I loved Cole's solo, to Nox Arcana's Night of the Wolf. He started wearing a hood, and as he took it off he appeared to transform into a wolf. He was wearing a very interesting type of martial arts gi, I'd guess. Really awesome and unique.
Witney and last season's Marko (with a shaved head) paired up on a Ray Leeper lyrical jazz routine about a pair of young lovers on their wedding day who hit a snag when the bride has second thoughts at the altar. ("Just because I'm 18 doesn't mean I want to get married," Witney said, and then warned Marco, "My dad is waiting with a shotgun in the back.") I thought the routine, to No Nothing by Curtis and Reinhard featuring Blaire, was very lyrical and sweet. I've missed Marko.
Mary said that "Witney is still a star to me," that she had many moments of attack and control, and the pair danced beautifully together. Christina said that everyone knows Witney isn't just a ballroom dancer, but she's so capable of so many different styles. She did call Witney out for a lot of "hairography" in the routine (and then, of course, patted herself on the back again for "inventing" the word), saying she missed being able to see her face. Nigel mentioned that in the process of saving contestants from elimination this season, they've been able to talk to the choreographers, and all of them say Witney's a star. And while her character may not have been committed to the marriage in this routine, Witney has been committed to every step in every routine.
Good solo from Eliana, to Death Cab for Cutie's I Will Follow You into the Dark.
So, who do you think got the season's first dubstep number? Yep, Cyrus. Hasn't had a ballroom dance other than the jive the entire season. In this routine, he got to team up with Season 4's amazing Comfort for a Christopher Scott routine to Cinema by Benny Benassi featuring Gary Go. It was really cool, although the whole thing just made me angry. I just don't understand why the show has decided to throw all of their energy behind a dancer who is only strong in one style. I'd totally get it if he showed one iota of improvement or facility in other styles, but he hasn't.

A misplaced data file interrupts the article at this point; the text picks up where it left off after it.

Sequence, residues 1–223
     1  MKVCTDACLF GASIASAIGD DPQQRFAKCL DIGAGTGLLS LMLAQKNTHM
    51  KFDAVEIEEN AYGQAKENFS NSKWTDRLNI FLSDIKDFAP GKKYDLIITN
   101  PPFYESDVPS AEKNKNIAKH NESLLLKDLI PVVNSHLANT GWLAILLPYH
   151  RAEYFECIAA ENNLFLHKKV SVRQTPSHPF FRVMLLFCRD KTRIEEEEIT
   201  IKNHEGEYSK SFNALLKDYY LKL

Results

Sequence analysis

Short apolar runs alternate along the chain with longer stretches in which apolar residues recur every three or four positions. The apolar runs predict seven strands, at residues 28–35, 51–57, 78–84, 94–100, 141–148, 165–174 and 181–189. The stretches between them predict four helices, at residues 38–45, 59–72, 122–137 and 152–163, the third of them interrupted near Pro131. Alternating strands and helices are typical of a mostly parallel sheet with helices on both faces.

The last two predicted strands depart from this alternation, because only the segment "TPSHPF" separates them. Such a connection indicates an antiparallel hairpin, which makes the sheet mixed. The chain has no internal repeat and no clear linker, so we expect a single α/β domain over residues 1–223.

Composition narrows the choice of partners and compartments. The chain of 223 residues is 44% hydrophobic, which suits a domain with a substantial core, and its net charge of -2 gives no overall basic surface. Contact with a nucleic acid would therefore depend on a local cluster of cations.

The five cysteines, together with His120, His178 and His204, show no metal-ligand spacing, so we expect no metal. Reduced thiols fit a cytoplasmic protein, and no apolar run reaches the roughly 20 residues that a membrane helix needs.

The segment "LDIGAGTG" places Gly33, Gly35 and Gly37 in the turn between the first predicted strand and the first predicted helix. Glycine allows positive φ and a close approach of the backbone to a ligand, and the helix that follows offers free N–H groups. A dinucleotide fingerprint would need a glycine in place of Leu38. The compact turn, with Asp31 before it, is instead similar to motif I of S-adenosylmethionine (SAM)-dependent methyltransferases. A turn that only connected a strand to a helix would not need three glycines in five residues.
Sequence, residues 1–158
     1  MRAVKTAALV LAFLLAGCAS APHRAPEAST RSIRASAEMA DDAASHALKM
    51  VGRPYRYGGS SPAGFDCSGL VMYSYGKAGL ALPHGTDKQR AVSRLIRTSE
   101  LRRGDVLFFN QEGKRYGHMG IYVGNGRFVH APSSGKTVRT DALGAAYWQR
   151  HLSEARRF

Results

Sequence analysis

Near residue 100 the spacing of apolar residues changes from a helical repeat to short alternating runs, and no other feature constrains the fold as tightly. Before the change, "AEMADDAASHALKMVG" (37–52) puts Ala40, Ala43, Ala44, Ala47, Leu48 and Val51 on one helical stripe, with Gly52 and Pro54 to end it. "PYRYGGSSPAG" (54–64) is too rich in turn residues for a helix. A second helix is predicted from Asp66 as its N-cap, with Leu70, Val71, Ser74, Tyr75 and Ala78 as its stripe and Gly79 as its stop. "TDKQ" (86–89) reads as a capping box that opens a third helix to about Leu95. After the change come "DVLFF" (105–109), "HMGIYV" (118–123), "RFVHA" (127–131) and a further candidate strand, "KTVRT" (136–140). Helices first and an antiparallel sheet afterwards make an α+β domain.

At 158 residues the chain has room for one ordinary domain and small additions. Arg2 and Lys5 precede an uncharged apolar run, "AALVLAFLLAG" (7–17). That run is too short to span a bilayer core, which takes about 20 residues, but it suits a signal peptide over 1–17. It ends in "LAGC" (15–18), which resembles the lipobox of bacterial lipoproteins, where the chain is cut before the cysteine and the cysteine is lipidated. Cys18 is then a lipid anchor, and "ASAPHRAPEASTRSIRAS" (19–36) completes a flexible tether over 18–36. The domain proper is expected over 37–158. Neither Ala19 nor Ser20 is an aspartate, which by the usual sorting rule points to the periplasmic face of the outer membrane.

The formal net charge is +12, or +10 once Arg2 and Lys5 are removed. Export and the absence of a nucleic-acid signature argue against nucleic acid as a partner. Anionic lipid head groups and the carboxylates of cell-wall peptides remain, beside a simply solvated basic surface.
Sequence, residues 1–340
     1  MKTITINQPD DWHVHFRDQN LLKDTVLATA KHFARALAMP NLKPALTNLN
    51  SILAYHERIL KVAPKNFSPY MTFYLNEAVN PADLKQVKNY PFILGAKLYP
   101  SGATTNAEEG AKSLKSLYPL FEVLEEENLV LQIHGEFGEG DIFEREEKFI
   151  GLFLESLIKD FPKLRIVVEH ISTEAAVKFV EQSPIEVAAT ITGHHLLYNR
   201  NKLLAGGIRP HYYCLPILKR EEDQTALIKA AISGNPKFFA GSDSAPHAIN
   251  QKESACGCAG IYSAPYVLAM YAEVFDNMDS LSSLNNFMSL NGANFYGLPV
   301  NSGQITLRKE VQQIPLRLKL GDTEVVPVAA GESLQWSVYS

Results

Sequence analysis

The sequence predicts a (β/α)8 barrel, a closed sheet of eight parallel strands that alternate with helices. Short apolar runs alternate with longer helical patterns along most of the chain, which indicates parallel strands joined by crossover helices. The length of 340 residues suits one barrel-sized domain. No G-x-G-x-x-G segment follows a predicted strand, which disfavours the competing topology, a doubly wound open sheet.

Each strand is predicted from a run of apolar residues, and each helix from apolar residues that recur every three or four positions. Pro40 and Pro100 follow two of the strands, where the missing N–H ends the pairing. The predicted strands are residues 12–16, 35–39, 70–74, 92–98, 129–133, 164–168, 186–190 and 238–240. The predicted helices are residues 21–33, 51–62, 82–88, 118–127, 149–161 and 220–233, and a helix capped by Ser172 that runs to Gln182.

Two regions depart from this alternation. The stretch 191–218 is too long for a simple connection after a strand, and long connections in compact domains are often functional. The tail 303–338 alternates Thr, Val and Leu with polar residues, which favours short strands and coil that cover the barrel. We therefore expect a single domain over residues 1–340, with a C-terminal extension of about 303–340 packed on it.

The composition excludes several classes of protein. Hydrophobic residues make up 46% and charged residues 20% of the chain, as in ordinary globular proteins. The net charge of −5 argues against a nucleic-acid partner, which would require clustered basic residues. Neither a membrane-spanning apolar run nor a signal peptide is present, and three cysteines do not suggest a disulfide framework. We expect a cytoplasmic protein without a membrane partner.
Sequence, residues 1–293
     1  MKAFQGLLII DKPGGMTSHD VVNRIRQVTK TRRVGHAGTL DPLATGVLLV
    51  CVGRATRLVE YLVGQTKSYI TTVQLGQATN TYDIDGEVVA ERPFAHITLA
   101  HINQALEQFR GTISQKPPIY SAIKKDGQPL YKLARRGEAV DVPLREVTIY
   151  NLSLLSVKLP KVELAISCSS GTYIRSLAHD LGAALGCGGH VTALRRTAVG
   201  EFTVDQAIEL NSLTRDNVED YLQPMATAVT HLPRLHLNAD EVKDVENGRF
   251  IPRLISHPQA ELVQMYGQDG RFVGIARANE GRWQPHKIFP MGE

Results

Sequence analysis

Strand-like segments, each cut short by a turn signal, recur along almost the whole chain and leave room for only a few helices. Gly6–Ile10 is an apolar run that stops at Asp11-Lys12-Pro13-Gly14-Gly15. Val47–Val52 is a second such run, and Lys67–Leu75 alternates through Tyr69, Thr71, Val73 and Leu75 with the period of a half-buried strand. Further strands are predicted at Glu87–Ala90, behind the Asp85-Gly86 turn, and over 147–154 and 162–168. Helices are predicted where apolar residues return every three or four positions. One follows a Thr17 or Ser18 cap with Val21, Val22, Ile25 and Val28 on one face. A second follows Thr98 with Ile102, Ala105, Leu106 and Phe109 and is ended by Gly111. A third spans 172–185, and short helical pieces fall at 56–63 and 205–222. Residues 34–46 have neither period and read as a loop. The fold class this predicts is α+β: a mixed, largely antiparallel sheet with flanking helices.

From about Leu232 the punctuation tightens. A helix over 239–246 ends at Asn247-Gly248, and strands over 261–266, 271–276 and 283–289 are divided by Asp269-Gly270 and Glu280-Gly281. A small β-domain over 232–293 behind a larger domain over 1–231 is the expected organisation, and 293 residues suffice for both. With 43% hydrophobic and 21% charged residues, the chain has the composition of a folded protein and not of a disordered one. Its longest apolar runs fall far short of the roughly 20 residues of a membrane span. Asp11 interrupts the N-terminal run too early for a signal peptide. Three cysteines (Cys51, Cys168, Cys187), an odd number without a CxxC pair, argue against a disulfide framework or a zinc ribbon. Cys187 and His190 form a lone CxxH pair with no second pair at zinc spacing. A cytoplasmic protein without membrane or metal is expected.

The judges gave the routine a standing ovation. Christina wasn't particularly effusive, stating the obvious "We liked it a lot," followed by the "This was carved out for you, pal." Nigel called Christopher Scott a mathematical genius for the calculations he had to do in order to choreograph with such precision, and told Cyrus, "we know how good you are." And he again reminded us that Cyrus has never been in the bottom two. Mary said that "we're getting all the Twitters" about how much people love Cyrus (eye roll) because "you connect with us." And she remarked how he was "in his Comfort zone." (Get it?)
Witney and Chehon teamed up again for a cha-cha, choreographed by Jean-Marc to Rihanna's Where Have You Been, ironically, the song to which she danced her solo last week. (Yes, my mind keeps hold of stuff like this. What do you want from me?) It wasn't all that good, really. Witney was certainly in her element, but Chehon struggled, and the lifts were awkward.
Mary called the routine a big improvement over Chehon's performance in the samba, but said that Latin dance really doesn't sit well for him. (Has Cyrus had any Latin dance? No, of course not. But he's had two hiphop routines. How many ballet routines has Chehon had?) She called Witney "Lindsay," and said the routine didn't even show her off, and her "hips mean business." Christina sucked up and said, "I didn't notice anything after the deep plie at the beginning of the routine." Nigel joked that the celebrity judges don't like to give criticism (you know, like the real judges do of nearly every other contestant on the show other than Cyrus), but called the routine generally disappointing.
Cyrus did his solo to Sarah Brightman's Harem. Didn't look much different from what he did in his routine with Comfort.
Mia choreographed a contemporary routine for Cole and Eliana about hatred, which Mia said was inspired by rams and how they fight. (Not the St. Louis Rams, who haven't fought since Kurt Warner left, but actual rams.) The routine, to Adagio for Strings by the Brno Philharmonic Orchestra, was magnificent, powerful, athletic, and just amazing.